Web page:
This article was published in the January 2019 edition of the Fraternal Law Newsletter.
College campuses have long been known as incubators for political values. From 1960s sit-ins against the Vietnam War to high-profile rape culture debates on campus, the world of higher education is often home to activism. Like-minded students have a way of finding each other and creating ways to champion their shared beliefs. Whether it’s through social interest groups, athletic teams, or Greek organizations, students should be free to explore and cultivate interests and hobbies, while also respecting those with different viewpoints.
Recently, the case Feminist Majority Foundation v. University of Mary Washington (“UMW”) sparked national debate about the scope of First Amendment protections on college campuses when UMW was asked to quash speech to uphold its Title IX obligations. Egregious facts punctuate the UMW case — beginning because one student organization wanted to prevent the lawful formation of single-sex social fraternities.
In 2014, the school’s student senate voted to allow male-only fraternities on campus. Amid this decision, the student group Feminists United allied against Greek life coming to campus, arguing that fraternities would bring about an increase in campus sexual assault. Heated deliberation among the student body unfolded on the now-defunct social media app Yik Yak. The debate spiraled and members of Feminists United found themselves subject to vulgar and sexist threats by anonymous students. Members of the school’s rugby team went so far as to create a video in which they chanted in favor of sexual violence against Feminists United. Instead of pointing out the flaws and factual inaccuracies posed by Feminists United members, the rugby players advocated for sexual brutality, eventually losing their own right to remain on campus.
Feminists United repeatedly communicated with UMW’s Title IX office to express their growing concerns about their safety following the number of threatening Yik Yak messages. A debate ensued concerning whether UMW did enough to protect the members of Feminists United. The Title IX coordinator was maligned for indicating that the University was powerless to address the offending conduct and the school’s president, Richard Hurley, was similarly criticized for being ineffective at managing the situation. However, at some point, UMW disbanded the rugby team and required all members to submit to sexual assault training. Notwithstanding, the crisis kept escalating on campus.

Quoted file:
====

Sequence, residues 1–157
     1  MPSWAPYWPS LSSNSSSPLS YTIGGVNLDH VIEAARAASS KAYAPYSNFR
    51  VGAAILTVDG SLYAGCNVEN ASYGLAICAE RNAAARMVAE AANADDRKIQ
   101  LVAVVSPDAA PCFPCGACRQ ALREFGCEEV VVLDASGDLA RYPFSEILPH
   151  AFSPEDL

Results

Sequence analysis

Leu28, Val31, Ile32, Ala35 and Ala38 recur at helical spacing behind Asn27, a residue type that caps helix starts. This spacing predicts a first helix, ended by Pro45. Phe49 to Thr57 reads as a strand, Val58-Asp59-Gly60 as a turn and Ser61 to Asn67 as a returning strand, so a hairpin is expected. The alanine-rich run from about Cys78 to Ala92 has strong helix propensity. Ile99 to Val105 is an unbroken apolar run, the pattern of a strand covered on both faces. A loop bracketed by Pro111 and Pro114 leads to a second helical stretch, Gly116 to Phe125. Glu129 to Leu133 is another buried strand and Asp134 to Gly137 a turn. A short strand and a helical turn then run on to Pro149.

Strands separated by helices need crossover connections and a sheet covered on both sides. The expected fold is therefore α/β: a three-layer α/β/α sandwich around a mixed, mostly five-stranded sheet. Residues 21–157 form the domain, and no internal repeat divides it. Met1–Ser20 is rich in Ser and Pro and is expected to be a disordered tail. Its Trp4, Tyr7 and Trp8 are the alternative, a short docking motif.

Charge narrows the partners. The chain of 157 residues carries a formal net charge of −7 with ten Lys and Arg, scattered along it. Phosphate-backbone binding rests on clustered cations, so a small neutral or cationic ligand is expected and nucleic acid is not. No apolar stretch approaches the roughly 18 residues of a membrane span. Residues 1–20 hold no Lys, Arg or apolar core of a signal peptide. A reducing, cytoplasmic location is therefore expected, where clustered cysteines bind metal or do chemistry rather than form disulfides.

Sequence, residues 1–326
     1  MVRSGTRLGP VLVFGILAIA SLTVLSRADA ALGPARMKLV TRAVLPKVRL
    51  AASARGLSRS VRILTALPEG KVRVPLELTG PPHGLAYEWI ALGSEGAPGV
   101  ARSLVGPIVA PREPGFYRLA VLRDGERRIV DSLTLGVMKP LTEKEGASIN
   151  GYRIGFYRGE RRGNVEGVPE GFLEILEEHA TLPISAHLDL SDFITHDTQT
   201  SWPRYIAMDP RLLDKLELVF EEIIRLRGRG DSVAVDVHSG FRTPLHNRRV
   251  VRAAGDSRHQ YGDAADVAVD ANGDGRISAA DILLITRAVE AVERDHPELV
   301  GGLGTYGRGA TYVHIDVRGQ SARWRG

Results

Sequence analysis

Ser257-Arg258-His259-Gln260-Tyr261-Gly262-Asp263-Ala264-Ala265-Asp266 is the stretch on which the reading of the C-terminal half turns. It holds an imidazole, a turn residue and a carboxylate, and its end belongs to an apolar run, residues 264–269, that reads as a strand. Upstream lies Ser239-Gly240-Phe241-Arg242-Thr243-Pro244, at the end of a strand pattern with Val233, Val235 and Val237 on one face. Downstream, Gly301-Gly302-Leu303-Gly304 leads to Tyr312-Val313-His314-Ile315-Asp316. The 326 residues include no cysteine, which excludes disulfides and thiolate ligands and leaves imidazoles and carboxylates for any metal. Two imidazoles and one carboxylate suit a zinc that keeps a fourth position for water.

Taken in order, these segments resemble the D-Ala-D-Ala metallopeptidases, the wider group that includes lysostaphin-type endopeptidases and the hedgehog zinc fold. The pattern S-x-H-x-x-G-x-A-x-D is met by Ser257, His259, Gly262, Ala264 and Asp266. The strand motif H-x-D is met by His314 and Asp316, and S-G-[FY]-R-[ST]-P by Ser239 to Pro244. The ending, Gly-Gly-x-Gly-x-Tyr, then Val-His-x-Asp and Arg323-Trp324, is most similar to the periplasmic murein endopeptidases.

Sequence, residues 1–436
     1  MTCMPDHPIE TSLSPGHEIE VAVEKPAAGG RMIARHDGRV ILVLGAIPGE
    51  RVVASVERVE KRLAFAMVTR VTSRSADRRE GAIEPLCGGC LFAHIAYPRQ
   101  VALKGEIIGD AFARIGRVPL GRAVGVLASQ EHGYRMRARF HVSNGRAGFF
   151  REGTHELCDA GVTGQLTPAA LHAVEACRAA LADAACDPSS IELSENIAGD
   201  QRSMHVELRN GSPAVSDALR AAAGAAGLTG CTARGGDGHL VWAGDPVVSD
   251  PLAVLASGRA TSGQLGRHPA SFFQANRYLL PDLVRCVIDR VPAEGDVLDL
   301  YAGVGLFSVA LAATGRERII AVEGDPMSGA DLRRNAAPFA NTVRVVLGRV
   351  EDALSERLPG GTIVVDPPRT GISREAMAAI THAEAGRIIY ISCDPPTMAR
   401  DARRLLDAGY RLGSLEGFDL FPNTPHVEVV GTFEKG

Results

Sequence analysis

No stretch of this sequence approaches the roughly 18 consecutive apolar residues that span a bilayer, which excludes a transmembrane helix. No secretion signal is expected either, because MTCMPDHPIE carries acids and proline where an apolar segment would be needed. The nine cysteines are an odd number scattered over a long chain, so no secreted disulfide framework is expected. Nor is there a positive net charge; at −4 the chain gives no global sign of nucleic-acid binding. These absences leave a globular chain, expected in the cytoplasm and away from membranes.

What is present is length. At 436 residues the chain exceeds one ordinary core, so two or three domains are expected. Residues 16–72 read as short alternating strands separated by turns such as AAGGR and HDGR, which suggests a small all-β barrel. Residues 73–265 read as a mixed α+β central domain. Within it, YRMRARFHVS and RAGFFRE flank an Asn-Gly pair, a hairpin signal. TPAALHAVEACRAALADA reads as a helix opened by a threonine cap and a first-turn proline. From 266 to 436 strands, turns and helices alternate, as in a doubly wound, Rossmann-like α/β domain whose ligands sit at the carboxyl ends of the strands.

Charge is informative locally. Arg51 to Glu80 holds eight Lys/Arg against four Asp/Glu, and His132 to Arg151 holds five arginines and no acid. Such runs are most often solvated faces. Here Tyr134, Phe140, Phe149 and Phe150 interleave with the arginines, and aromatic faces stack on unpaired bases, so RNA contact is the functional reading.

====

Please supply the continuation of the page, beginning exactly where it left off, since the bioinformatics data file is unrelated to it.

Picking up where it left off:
Seeking legal redress, Feminists United sued UMW for violating Title IX by being deliberately indifferent to student-on-student sexual discrimination, and for the retaliation they experienced after engaging in Title IX-protected conduct. Feminists United also pursued a civil rights claim against President Hurley, individually, for his lack of responsiveness to cries for help. While the trial court dismissed the plaintiff’s case at the pleading stage, the Fourth Circuit reversed the trial court’s decision and essentially rebuked the school for not doing more to protect Feminists United members.
The UMW case is noteworthy not just for its Title IX analysis, but for its discussion about what schools must do to address offensive speech. The case has significant implications for the First Amendment on college campuses and, not surprisingly, there is intense debate about how far colleges should go to limit online speech. Many argue that the Yik Yak messages in question were protected under the First Amendment, and thus, the school was not obligated to take action against the so-called cyber-bullying. Others point out that universities can and should respond to reported threatening speech because “true threats” are not constitutionally protected speech.
Ironically, while the issue of single-sex fraternities sparked the debate, Greek members were not implicated in the untoward behavior by members of the rugby team or in the Yik Yak postings. However, single-sex Greek social fraternities became the sacrificial lamb during the ordeal between Feminists United, rugby team and UMW. In 2014, when the controversy was at its peak, President Hurley placed a hold on having the traditional Greek system on campus. Single-sex Greek life does not exist at UMW to this very day. One must question whether single-sex fraternities were bullied off campus to appease a relentlessly vociferous group on campus.
A lesson lost in the UMW opinion is freedom of association, which is the right to join and form groups. Perhaps this calamity could have been avoided had UMW done more to encourage its students to respect the rights of fellow students to associate. Instead, Feminists United assumed that the introduction of Greek life meant UMW was ignoring the heightened risk for sexual assault on campus. The cognitive leap was overbroad and unfounded. While Feminists United members might not like fraternities, trying to block their ability to form on campus based on an assumption that single-sex fraternities were the cause of sexual violence was extreme and misguided. The right to voice an opinion was not met with respectful debate but with requests to stifle free speech and quash freedom of association. The ensuing events forced extreme intervention that weakened the ability of students to coexist despite competing views.
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